– January 10, 2020
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My first thought when I read the headline “I Support Trump’s Tariffs but Need an Exemption” was wow, McSweeney’s Internet Tendency is really going to knock this one out of the park. I love good satire.

Then I realized it wasn’t McSweeney’s. Or The Onion. Or the Babylon Bee. It was an actual headline from an op-ed in the Wall Street Journal.

I half expected to look at the byline and see Orren Boyle, a steel executive and one of the villains of Ayn Rand’s Atlas Shrugged, listed as the author. Throughout Atlas Shrugged, Boyle enriches himself by pulling political strings and (successfully) seeking special privileges.Today In: Business

And that’s exactly what Allegheny Technologies CEO Robert S. Wetherbee is asking for: special privileges. He wants one set of rules for everyone else—abiding by the Trump tariffs, which he says rescued one of his idled plants—but a special set of rules for him and his company.

Economists and people who paid close attention in their classes understand the basic economics and politics of tariffs: they waste resources, and to infer, as Wetherbee does, that it’s an unalloyed good that “domestic production has risen and companies have restarted idle mills” is to ignore the unseen costs of the tariffs. Those resources—the labor, capital, and so on we’re using to produce steel—are being wasted because they could be more advantageously deployed doing something else (with apologies to Billy Joel, here’s an explanation of what it means to be a “Tariff Man”).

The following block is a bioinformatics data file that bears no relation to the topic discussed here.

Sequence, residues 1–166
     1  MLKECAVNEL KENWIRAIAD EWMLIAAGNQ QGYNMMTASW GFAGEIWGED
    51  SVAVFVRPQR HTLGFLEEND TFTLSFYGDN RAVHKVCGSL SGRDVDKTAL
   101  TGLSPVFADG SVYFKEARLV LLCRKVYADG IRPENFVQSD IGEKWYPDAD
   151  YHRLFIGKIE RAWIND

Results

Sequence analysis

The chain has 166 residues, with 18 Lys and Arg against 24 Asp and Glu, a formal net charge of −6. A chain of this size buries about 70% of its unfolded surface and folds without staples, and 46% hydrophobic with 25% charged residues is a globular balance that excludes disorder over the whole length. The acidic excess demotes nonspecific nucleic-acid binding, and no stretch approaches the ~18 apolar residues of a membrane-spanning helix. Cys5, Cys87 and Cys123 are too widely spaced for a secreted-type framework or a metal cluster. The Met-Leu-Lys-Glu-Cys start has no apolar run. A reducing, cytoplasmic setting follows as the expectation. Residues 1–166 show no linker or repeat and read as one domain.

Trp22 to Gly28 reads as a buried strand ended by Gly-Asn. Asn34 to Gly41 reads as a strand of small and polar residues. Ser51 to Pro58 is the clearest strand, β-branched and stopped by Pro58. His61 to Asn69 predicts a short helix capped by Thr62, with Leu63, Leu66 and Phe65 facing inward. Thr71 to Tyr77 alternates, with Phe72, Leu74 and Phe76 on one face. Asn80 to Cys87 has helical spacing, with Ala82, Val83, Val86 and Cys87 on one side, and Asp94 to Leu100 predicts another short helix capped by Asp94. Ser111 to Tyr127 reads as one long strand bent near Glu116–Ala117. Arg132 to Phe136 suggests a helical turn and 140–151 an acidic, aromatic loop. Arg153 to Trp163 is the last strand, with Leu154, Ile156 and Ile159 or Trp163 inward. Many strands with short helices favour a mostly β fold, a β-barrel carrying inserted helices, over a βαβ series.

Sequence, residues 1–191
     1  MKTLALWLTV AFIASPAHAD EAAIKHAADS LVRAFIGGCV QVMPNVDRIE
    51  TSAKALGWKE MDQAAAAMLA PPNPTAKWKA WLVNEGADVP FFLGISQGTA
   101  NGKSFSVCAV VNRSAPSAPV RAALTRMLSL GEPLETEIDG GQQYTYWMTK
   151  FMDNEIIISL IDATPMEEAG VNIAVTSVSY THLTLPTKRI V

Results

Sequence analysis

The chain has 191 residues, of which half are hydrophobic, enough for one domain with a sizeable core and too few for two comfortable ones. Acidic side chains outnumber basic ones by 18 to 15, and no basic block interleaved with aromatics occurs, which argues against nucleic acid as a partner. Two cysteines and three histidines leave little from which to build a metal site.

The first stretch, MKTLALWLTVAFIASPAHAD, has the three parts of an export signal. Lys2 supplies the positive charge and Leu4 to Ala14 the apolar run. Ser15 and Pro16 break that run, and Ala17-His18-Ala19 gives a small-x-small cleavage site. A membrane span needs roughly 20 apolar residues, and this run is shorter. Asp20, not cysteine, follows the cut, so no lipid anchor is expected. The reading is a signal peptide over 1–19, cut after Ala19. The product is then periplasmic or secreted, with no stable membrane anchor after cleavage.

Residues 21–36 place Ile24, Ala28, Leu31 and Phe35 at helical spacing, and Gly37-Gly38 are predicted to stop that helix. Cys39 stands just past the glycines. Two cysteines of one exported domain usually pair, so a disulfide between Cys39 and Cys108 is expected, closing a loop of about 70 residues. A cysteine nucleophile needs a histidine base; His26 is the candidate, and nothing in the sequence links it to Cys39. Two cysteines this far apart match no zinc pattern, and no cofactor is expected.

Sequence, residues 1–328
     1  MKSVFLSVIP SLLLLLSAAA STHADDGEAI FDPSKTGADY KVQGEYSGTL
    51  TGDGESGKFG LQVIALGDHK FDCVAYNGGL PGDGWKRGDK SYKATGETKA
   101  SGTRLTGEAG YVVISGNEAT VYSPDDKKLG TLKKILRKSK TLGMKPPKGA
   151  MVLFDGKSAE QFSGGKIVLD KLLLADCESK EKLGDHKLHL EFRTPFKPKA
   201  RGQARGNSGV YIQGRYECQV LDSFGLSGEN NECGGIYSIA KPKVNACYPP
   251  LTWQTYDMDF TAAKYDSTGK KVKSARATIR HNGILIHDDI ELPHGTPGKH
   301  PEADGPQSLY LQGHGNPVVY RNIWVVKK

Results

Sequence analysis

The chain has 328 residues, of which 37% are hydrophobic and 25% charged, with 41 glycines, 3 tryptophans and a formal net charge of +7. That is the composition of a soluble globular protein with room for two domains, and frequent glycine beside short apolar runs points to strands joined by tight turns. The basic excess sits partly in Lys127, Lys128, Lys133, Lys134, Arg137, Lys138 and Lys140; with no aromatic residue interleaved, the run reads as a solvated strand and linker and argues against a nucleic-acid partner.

There’s a deeper point here in Wetherbee’s claim that his company needs an exemption. One of the (literal) textbook conditions for long-run economic growth is the rule of law—a “dependable legal system” that applies the same rules to everyone. Allowing carve-outs and exemptions via an especially opaque process does a few things.

First, it interferes with people’s expectations by adding additional uncertainty to the policy environment. Firms have to add more political calculations to their long-range strategic planning at the expense of commercial calculations. Instead of satisfying customers, they have to focus on satisfying and appeasing regulators and those in a position to grant or deny exemptions.

Second, it encourages firms to hire more lobbyists and lawyers. As Eric Boehm notes for Reason, the process of applying for and getting exemptions from tariffs “is, unsurprisingly, a bureaucratic mess.” It’s a make-work program for lawyers and lobbyists who are helping their employers navigate the regulatory jungle when they could be doing something productive.

Third, opaque bureaucratic messes create opportunities for corruption. There are undoubtedly a lot of places where regulators and others could essentially extract bribes because they have veto power over the exemption request—and a lot of places where firms might move the paperwork along with a few well-placed donations.

Tariffs waste resources and, contra the Tariff Man in the White House, make Americans poorer, not richer. Robert S. Wetherbee’s special pleading in the Wall Street Journal illustrates yet another way in which interventionism can be the enemy of economic progress.

But let’s not hate the player. Mr. Wetherbee’s op-ed is simply an illustration of a larger systemic problem—after all, he’s not alone (see the caption on the picture that accompanies this). Let’s hate the game. Let’s help executives like Mr. Wetherbee get back to running their companies productively instead of begging for special privileges. Instead of granting firms exemptions from the tariffs on a case-by-case basis, let’s grant everyone an exemption and get rid of the tariffs altogether.

This initially ran on Forbes

Art Carden

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Art Carden is a Senior Fellow at the American Institute for Economic Research. He is also an Associate Professor of Economics at Samford University in Birmingham, Alabama.
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